In the second half of 1 Timothy 5, Paul teaches Timothy and the Ephesian churches how to obtain quality leadership. We have already looked at how pastors are to be compensatedand how to handle an unrepentant pastor. Paul reminds Timothy that that shepherding God's people is a sober undertaking done "in the presence of God." Next, Paul instructs Timothy how to choose church leaders so he can avoid dealing with the same issues in the future.
The book of Matthew was written to a Jewish audience to convince readers that Jesus is the promised Messiah. Our passage immediately follows Jesus' coronation (His baptism by John) and His testing by God. Unlike any other king, Jesus performed perfectly under the test. He resisted the tempter, commanded his worship, and finally banished him.
What will the reign of this King be like? Matthew 4:12-25 shows the first three acts of King Jesus which set the tone for His rule.
Every believer has been born again of a supernatural cause. Paul gives his testimony in the first chapter of his letter to Timothy to remind him that spiritual new birth is what keeps the church revived, refreshed, and protected. A healthy church is one that sees people being saved, discipled, and serving. This is the natural progression that God uses to build His church. One person who walks with the Lord can have a spiritual influence so great that only the Lord knows its true extent.
A disciple is simply someone who follows Christ. Luke 9:57-62 and a parallel passage in Matthew 8:18-22 tell of Jesus' interaction with three different disciples. It is easy to follow Jesus when doing so is popular, but many disciples leave when things become difficult (John 6:66). Jesus' response to each disciple highlights the question of who they will follow first. Each one's heart attitude is revealed in what the Lord says to him.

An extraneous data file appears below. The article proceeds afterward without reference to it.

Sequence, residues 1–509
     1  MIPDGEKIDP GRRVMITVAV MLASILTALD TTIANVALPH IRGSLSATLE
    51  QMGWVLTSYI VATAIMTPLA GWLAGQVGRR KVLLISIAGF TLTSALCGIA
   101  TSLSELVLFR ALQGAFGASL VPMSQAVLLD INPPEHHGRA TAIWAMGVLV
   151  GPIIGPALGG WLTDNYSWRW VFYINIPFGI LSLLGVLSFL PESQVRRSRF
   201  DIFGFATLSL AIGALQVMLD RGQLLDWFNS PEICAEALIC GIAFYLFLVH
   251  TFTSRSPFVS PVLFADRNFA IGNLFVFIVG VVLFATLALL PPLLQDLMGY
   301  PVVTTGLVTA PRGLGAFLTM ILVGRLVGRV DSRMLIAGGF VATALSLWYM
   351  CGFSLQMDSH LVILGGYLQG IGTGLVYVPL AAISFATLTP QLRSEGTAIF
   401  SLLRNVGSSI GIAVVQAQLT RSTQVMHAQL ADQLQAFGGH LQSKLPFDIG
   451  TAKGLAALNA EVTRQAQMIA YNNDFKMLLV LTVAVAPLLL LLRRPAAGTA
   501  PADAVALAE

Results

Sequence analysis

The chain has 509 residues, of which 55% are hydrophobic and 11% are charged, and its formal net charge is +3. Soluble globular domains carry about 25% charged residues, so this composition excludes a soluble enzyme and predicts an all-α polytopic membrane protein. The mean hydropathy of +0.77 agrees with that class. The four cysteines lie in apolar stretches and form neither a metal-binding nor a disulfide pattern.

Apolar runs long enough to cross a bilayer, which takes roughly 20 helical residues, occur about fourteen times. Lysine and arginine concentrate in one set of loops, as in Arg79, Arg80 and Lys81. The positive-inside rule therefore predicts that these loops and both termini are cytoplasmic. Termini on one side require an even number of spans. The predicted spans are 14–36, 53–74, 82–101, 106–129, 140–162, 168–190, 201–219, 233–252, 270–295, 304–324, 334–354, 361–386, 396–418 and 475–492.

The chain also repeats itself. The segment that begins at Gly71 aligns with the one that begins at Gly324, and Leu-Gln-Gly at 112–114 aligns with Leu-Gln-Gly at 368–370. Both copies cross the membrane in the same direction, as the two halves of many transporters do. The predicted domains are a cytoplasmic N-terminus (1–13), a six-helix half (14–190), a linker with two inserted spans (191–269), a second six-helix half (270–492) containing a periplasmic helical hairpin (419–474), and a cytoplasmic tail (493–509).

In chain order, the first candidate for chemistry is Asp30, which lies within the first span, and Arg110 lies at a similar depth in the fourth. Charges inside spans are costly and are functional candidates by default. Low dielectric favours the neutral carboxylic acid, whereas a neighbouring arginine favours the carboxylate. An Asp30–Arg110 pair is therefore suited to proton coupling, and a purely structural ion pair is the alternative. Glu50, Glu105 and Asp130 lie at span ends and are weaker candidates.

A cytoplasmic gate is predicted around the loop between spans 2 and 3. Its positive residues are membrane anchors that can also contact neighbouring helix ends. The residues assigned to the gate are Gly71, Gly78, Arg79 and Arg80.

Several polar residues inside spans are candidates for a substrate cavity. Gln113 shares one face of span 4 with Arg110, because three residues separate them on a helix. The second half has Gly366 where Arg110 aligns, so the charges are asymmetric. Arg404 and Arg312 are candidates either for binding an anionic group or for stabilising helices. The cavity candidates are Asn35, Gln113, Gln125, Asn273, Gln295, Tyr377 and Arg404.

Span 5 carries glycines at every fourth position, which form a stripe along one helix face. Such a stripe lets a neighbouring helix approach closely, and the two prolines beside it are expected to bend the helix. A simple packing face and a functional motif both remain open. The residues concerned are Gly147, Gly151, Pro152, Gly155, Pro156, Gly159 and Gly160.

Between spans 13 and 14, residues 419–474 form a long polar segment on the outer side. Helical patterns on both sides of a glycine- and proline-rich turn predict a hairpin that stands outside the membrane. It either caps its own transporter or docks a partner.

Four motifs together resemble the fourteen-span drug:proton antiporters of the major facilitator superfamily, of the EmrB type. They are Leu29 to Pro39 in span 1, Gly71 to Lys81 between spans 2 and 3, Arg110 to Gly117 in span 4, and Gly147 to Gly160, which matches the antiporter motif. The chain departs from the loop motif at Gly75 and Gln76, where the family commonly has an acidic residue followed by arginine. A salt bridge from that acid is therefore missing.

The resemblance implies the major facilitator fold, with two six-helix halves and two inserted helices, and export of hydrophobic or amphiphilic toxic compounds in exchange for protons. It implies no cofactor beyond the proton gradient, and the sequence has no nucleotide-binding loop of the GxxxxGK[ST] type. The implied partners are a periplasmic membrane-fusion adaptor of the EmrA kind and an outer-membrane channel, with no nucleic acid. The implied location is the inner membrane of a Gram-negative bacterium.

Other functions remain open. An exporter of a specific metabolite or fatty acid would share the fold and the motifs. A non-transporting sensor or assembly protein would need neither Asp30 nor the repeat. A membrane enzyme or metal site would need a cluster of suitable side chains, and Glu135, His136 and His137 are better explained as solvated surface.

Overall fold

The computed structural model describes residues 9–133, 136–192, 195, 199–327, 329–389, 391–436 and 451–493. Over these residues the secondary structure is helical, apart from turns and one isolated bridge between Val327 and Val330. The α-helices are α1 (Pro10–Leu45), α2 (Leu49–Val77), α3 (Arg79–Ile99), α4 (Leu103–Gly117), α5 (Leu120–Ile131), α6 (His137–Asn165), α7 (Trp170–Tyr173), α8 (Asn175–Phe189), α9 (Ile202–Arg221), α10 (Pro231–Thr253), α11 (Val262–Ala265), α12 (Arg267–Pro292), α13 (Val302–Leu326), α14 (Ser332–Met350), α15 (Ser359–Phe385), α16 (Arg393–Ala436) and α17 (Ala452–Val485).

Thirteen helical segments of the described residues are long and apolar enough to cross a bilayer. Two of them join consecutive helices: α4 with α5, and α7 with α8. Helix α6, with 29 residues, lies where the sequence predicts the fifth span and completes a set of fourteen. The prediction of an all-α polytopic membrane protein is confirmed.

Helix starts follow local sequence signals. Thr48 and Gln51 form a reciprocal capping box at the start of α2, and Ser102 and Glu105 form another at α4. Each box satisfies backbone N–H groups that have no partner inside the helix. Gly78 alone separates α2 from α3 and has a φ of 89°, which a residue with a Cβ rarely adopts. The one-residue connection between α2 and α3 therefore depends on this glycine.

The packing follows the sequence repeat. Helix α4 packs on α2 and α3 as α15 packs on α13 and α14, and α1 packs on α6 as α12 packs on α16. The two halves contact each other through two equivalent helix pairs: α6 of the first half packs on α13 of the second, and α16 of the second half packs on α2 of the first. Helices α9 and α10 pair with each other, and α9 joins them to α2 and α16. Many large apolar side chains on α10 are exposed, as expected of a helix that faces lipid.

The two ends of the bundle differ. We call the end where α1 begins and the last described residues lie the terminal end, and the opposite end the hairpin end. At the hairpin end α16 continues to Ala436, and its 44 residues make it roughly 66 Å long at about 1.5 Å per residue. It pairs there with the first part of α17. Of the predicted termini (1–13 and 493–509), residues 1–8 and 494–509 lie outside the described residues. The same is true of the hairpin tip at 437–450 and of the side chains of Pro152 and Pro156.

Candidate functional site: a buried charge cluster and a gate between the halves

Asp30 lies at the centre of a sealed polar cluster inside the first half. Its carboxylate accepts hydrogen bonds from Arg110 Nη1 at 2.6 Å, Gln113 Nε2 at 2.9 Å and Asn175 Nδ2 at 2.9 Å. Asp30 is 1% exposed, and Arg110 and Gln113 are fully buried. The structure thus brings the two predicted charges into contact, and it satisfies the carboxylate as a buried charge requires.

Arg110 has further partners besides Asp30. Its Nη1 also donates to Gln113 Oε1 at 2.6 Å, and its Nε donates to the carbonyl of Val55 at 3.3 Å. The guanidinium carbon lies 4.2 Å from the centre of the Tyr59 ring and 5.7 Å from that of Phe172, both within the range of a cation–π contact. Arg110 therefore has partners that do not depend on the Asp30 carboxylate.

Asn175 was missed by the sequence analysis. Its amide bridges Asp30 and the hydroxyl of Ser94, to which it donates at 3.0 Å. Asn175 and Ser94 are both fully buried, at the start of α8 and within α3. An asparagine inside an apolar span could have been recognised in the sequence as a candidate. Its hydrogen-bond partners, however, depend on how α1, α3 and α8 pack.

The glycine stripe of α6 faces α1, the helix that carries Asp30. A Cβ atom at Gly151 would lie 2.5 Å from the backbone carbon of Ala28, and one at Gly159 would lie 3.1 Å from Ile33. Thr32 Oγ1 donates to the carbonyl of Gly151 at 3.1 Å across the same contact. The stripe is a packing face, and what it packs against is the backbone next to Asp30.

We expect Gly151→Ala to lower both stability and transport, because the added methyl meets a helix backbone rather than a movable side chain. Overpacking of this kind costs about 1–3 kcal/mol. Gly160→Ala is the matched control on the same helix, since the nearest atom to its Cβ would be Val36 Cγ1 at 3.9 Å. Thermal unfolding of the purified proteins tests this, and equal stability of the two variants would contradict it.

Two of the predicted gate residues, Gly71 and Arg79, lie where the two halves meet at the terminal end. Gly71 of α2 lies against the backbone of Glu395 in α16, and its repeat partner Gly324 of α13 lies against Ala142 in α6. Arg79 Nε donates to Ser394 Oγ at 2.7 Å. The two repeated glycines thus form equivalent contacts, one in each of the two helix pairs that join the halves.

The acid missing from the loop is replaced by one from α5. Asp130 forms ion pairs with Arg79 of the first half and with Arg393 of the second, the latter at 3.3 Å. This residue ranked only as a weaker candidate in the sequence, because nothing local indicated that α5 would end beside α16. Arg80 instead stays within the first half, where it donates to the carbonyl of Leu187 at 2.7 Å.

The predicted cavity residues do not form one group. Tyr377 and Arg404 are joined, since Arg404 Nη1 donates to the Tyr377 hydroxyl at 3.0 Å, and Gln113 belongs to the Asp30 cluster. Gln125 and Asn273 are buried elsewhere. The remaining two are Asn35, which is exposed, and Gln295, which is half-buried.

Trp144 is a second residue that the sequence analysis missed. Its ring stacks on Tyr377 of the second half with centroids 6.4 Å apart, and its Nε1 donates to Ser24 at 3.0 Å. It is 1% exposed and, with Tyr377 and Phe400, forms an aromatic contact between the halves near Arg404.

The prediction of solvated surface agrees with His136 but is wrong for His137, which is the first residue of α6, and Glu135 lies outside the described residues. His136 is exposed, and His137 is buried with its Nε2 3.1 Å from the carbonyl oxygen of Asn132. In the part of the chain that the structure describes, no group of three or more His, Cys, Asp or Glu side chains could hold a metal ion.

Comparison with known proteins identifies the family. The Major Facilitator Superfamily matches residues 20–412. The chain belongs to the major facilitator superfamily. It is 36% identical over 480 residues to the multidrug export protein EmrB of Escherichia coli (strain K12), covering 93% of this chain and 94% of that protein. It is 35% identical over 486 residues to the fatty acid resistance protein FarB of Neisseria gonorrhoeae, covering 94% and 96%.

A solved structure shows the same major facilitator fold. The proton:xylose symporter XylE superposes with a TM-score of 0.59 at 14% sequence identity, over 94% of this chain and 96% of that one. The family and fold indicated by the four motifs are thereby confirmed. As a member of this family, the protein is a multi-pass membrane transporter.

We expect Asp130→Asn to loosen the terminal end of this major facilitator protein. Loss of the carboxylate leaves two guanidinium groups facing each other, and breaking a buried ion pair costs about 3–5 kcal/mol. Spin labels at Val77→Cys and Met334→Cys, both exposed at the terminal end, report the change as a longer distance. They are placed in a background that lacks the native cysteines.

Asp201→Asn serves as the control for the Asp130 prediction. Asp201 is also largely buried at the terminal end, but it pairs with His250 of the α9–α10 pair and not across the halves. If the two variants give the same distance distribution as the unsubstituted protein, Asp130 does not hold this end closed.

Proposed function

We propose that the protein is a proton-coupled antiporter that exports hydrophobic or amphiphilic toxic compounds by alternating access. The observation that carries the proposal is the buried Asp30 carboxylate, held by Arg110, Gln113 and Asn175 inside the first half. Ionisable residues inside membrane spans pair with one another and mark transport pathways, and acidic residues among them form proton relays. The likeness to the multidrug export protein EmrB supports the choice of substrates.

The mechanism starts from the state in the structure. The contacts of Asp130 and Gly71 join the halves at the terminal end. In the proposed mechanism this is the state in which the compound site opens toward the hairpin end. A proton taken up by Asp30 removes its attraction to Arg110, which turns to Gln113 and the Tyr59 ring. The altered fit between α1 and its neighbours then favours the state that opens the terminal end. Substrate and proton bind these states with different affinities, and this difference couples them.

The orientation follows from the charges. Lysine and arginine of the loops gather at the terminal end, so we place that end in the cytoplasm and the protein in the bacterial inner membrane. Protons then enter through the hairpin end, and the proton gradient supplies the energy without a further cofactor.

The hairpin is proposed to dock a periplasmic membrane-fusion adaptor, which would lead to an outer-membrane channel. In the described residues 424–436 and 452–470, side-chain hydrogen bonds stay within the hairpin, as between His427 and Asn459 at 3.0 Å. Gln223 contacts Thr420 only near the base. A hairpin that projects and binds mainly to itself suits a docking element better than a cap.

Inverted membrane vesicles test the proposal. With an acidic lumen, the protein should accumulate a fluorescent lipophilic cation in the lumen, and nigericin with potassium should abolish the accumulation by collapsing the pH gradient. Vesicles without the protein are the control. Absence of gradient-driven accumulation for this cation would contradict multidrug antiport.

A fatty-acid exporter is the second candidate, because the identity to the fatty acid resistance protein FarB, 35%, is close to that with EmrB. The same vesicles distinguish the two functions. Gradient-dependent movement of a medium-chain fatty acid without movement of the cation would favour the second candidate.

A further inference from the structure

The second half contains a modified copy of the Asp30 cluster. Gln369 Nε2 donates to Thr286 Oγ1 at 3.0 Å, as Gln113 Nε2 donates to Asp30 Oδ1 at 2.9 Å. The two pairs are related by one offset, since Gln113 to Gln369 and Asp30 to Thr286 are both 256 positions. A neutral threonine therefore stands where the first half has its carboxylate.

This psalm asks a significant question on this July 4th weekend, a question relates to the current moral character of our country. Any ungodly nation needs believers in its midst to send out God's light and truth to individual men and women.
Paul wrote the book of 1 Timothy to encourage the believers at Ephesus, then instruct them about the structure of the church so they could make spiritual progress. First he had to encourage their leader, his "true son in the faith," Pastor Timothy. Paul was Timothy's spiritual father. He had mentored Timothy in personal growth and in ministry. What fruits did Paul desire to see in his spiritual son -- and what should we pray to see in our spiritual children?
From preachers to presidents, good leaders have often praised the value of virtuous mothers. We celebrate motherhood this week because the Bible also honors women. Jewish genealogies did not include women, yet Jesus' mother is mentioned by name in Matthew 1:16. The Bible mentions Mary because she displays several virtues that should characterize all Christians. What can we learn from her godly example?
Corporate purity in a church comes from the personal purity of its people. In God's divine order, people will become like their leaders. Paul wrote Timothy to watch his own life and doctrine so he could lead the church of Ephesus well. When it comes to doctrine, there is no "wiggle room." Even though Paul spent the most time establishing the Ephesian church, some people there were okay with deviating slightly from biblical doctrine. A thread of falsehood can creep into the most well-taught church. We are all prone to this error in our fallen natures, but the Word of God acts like a hammer to correct both our doctrine and our practice of it.